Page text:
Vikings probably favored a nice broach over horned helmets
In pop culture, Vikings have been consistently depicted wearing armor, tunics, and most prominently, helmets with horns on the sides. However, those horned helmets were probably the result of misdated artifacts predating the Vikings that was then propagated by pop culture, starting in 1800s. To date, we have no archaeological evidence that Vikings went into battle with horned helmets. So what do we know about their dress?
The helmet issue likely stemmed from ceremonial helmets from before the eighth century when Vikings were notably active. Helmets with horns and antlers wouldn’t have been easy to wear into a battle (or on a small boat…) without getting caught everywhere, and the artifacts found had probably only been used for ceremonial purposes. But since they fit with early Greek and Roman descriptions of Northern Europeans, it seemed to fit well enough for various artists, including Wagner, to turn them into the icon of Viking warriors.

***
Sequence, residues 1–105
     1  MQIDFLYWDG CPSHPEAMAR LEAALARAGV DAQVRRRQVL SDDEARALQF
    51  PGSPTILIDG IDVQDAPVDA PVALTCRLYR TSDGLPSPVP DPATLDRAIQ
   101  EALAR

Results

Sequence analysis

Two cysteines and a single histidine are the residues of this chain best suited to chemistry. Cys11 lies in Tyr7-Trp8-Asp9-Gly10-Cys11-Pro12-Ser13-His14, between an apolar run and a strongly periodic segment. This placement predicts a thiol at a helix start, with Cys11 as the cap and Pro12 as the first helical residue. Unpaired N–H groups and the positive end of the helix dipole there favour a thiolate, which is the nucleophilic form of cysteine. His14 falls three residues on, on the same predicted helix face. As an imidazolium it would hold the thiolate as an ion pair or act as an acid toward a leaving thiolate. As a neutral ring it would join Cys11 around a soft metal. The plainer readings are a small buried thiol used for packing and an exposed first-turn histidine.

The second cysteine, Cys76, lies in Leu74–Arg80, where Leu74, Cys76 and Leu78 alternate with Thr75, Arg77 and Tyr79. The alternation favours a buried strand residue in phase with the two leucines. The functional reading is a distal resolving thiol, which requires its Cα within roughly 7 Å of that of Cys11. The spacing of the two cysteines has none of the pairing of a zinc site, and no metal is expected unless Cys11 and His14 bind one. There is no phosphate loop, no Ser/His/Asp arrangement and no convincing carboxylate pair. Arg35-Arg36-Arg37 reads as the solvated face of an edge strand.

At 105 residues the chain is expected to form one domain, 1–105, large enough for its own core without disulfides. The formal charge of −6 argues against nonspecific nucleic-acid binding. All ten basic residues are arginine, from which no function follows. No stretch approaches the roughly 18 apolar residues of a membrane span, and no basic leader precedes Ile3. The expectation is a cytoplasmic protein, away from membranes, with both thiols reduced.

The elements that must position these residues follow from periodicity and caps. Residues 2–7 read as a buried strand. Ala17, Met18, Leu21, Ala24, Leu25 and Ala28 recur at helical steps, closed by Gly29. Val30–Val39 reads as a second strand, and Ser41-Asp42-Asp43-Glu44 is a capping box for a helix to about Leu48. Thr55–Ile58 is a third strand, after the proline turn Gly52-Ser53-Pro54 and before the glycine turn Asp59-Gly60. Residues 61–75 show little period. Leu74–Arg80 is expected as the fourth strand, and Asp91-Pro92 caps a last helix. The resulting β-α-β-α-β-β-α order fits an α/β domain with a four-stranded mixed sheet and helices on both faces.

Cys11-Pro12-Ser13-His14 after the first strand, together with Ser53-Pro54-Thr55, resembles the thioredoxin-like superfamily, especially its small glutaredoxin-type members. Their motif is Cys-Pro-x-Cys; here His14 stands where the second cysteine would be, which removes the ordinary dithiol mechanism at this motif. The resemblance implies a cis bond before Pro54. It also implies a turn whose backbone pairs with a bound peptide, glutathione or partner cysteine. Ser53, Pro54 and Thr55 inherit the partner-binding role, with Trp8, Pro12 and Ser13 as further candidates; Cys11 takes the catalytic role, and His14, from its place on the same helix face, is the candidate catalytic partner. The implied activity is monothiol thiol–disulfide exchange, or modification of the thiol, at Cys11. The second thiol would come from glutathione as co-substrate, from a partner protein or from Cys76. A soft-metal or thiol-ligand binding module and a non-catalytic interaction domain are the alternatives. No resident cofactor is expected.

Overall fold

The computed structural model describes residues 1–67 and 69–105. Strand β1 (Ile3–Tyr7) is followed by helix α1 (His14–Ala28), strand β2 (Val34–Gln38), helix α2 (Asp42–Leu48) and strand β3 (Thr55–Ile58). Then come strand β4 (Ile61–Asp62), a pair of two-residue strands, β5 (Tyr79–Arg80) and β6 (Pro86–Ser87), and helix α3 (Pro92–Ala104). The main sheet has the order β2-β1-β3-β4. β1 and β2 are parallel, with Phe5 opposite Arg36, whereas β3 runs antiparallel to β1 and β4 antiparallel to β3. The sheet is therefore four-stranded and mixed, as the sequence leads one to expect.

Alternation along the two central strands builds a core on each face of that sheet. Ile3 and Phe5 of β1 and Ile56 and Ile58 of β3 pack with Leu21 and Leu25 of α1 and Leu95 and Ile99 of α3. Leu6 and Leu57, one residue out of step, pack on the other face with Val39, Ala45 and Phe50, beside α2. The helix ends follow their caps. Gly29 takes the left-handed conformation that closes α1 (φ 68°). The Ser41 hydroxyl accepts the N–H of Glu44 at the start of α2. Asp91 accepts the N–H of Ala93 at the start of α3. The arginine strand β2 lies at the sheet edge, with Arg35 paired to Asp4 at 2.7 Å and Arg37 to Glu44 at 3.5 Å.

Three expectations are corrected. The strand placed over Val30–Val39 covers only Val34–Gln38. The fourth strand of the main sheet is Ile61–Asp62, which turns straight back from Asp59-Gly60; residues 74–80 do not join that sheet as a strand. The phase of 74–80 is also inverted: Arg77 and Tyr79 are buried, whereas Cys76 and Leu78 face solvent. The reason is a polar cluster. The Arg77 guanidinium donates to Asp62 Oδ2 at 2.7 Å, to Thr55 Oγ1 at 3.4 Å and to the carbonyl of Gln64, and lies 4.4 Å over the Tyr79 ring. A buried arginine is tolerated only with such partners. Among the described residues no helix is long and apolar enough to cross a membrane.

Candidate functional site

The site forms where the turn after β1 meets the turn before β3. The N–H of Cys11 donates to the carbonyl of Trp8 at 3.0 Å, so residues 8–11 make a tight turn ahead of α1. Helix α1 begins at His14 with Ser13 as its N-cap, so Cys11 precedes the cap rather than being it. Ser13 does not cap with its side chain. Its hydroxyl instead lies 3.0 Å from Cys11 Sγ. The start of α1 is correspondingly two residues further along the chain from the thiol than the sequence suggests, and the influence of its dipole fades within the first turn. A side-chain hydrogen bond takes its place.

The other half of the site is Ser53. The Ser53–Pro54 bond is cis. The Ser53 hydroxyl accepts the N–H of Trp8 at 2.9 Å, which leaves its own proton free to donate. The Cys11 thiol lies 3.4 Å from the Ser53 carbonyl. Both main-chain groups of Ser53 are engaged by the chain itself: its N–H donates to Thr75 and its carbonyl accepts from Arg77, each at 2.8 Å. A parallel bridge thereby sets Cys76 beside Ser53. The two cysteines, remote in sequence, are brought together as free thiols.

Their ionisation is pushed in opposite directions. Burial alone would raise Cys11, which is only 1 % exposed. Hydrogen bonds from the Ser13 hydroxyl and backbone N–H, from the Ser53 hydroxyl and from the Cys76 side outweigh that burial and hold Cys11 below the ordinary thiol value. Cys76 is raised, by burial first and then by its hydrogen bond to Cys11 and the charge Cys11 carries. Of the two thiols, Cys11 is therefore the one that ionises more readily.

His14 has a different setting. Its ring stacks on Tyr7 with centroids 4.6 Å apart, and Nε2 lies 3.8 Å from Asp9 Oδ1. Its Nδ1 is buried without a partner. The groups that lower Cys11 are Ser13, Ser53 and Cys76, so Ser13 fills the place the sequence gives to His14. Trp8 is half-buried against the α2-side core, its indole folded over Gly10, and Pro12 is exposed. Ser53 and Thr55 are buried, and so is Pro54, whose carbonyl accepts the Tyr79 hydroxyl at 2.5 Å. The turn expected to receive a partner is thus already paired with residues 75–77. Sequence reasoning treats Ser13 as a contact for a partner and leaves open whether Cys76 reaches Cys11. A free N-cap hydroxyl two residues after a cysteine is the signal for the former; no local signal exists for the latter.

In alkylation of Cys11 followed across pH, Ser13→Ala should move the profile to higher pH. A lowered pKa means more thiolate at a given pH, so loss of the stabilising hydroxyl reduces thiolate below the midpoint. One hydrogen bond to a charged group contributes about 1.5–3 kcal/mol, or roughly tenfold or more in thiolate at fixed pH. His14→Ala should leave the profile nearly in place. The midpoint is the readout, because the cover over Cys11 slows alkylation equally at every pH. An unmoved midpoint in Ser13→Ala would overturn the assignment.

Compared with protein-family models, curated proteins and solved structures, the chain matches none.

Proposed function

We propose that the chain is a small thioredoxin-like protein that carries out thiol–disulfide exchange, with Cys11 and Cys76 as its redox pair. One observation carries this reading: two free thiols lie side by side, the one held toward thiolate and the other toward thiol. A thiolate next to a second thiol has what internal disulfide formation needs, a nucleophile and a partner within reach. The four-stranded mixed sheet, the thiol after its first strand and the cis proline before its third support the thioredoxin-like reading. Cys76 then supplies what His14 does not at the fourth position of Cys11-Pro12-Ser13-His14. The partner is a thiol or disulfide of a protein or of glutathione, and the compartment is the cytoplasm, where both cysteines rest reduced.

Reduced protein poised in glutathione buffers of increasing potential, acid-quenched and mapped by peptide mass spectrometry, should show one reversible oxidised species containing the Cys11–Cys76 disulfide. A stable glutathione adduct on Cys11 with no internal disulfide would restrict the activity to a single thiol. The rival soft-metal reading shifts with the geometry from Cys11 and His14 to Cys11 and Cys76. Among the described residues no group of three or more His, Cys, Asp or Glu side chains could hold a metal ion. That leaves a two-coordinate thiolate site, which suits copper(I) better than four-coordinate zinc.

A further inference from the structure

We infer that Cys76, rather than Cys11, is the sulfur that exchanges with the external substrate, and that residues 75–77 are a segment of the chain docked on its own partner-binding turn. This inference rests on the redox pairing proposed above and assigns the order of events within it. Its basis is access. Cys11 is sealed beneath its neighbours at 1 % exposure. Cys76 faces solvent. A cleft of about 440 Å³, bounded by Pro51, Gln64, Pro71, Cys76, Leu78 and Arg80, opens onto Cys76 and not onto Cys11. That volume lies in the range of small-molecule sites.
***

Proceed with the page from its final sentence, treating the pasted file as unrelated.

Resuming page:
What look was “in” in 873 AD?
What were vikings likely wearing on a daily basis then? The best guesses are tunics, trousers and dresses. Vikings who could afford it likely added a bit of ninth century bling in the form of metal broaches or clasps, molded into shapes like sea-shells. Fabric scraps have been found that indicate there was an interest in patterning, and the colors red and blue seemed to be popular (possibly due to the availability of those dyes?) Of course, fashion concerns probably changed more slowly without mass manufacturing being available. Nobody could afford to throw out last year’s dress when you were likely to only own one or two in the first place.
Source: Did Vikings really wear horned helmets?, Ask History